www.acpoline.org. write, historically the patient-
physician relationship has focused
“The ethical guidance outlined in this paper is intended to heighten physician on the patient and his/her rights
awareness of the importance and complexity of the patient-physician- and interests with less attention
caregiver relationship,” said ACP President Joseph Stubbs, M.D., FACP. “It to the patient’s experience within
is essential for physicians to consider quality of life for both patients and the context of his/her family and
caregivers.” social relationships. Contemporary
bioethics with its emphasis on
The paper — endorsed by 10 other professional medical societies — defines patient autonomy and confidentiality
caregivers as relatives, partners, friends, and neighbors of patients who assist has supported this model but is
with activities of daily living and complex health care needs. It outlines beginning to recognize the need for
four primary principles for physicians, who may face ethical challenges a family-centered approach.
collaborating with patients and caregivers while preserving the primacy of
the patient-physician relationship: The Society of General Internal
• Respect for the patient’s dignity, rights, and values should guide all Medicine, the American Academy of
patient-physician- caregiver interactions. Neurology, the American Academy
• Effective communication and physician accessibility are fundamental to of Hospice and Palliative Medicine,
supporting the patient and family caregiver. the American College of Chest
• The physician should recognize the value of family caregivers as a source Physicians, the American College of
of continuity regarding the patient’s medical and psychosocial history Osteopathic Internists, the American
and facilitate the intellectual and emotional transition to the end stage Geriatrics Society, the American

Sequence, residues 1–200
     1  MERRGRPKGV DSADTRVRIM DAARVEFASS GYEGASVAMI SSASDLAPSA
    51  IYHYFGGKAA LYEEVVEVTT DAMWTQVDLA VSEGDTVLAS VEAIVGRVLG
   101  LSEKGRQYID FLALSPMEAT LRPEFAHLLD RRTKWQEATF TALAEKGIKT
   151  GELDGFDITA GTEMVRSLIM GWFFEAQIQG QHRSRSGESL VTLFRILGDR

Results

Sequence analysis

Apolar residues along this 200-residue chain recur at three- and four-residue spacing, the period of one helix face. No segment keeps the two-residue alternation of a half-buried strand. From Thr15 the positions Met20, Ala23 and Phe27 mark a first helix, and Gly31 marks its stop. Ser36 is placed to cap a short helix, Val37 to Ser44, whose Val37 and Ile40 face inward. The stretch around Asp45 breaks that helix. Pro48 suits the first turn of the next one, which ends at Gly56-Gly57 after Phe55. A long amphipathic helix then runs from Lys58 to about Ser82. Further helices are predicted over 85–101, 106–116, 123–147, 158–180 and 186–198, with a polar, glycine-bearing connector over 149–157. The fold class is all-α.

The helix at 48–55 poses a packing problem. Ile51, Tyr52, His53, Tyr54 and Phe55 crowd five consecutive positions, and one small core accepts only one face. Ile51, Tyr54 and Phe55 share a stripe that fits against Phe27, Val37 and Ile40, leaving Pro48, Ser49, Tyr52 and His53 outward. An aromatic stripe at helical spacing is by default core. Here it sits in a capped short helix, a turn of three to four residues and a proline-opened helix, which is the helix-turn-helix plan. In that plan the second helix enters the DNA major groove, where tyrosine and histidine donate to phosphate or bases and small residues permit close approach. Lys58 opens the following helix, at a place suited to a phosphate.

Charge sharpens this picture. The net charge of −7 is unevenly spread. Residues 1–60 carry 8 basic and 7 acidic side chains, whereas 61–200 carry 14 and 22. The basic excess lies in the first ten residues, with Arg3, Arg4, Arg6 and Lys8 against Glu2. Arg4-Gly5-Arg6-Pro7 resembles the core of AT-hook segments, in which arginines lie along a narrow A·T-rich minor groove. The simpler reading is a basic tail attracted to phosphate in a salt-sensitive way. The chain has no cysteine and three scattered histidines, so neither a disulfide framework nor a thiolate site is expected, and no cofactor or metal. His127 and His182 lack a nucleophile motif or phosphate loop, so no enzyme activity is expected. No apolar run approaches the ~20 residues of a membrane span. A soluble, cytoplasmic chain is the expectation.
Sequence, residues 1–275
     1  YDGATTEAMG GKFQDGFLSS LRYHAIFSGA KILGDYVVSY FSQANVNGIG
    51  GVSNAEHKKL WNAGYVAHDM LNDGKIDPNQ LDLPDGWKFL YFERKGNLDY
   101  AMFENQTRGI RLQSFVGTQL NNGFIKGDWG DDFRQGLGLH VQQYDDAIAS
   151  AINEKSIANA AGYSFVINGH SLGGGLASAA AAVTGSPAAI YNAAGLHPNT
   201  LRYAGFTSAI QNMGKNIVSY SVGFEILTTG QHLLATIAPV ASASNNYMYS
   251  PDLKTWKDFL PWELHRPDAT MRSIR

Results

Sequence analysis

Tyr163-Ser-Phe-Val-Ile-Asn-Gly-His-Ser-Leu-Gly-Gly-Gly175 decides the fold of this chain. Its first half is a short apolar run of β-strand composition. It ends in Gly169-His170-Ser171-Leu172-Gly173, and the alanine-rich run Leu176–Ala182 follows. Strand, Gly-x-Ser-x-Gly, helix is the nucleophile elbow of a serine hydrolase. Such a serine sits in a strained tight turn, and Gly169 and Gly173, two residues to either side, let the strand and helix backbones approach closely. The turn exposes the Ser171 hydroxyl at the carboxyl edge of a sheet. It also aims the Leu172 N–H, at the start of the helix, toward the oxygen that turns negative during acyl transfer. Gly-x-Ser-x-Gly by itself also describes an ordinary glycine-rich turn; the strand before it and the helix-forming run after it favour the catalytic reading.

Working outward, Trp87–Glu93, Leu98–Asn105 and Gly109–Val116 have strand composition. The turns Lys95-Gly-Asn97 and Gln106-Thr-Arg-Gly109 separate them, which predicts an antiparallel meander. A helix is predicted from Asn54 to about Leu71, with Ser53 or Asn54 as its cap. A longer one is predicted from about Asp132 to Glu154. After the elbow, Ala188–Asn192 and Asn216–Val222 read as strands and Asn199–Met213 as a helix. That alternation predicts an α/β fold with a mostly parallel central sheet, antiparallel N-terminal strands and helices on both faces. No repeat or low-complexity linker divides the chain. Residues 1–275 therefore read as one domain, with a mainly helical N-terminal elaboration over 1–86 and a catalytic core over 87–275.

of serious chronic illness. Medical Directors Association, the
American Thoracic Society, the
• When the caregiver is a health care professional, the physician should
draw appropriate boundaries to ensure that the caregiver is not expected Society of Critical Care Medicine,
to function in a professional capacity in relation to the patient and that and the Endocrine Society have
the caregiver receives appropriate support, referrals, and services. endorsed the paper.
Source: American College of Physicians
For the latest news and information, visit us on the Web at www.coalitionforpf.org 13
Diabetes Patients May Be at Higher Risk for Lung Diseases including
The declining lung function of Among cohort members with diagnosed diabetes, the researchers found
patients with diabetes puts them a significantly increased incidence of asthma, COPD, pulmonary fibrosis,
at increased risk of a range of lung and pneumonia. The associations remained even after taking into account
diseases such as chronic obstructive potential confounders such as age, sex, race/ethnicity, smoking status, and
pulmonary disease (COPD), body mass index.
pulmonary fibrosis, pneumonia
and asthma, but not lung cancer, “These findings were consistent throughout all of our analyses, whether
according to a study in the January conducted among the full cohort or the subcohort of survey responders,”
issue of Diabetes Care. the authors write. “Future studies examining the risk of these pulmonary
conditions among patients with and without diabetes could benefit from a
Samantha F. Ehrlich and colleagues prospective design that includes repeated measurements of smoking, alcohol
at Kaiser Permanente Northern consumption, body mass index, and physical activity over time.”
California in Oakland analyzed data
on 1,811,228 individuals, using a The study was funded by Eli Lilly and Pfizer. One author reported financial
survey of 121,886 of them to collect relationships with Eli Lilly and Takeda.
data on confounders.
CPF Joins with Two Other PF Organizations to Promote Blue Shirt Fridays
The CPF has joined with the Pulmonary Fibrosis Foundation of Chicago and the Pulmonary Fibrosis Association of
Texas to raise awareness of PF through a publicity campaign called “Blue T-Shirt Fridays” in which – you guessed it
– members of each organization (including you!) are urged to wear the newly available Blue T-Shirt on Fridays during
2010 (please go to www.coalitionforpf.org to purchase a shirt). Please encourage your friends, family and colleagues
to do the same in honor of PF and the thousands who suffer from the disease and who have been lost to it. The three
organizations have designed a special tee shirt with a strong message that can be purchased for $20 and proceeds will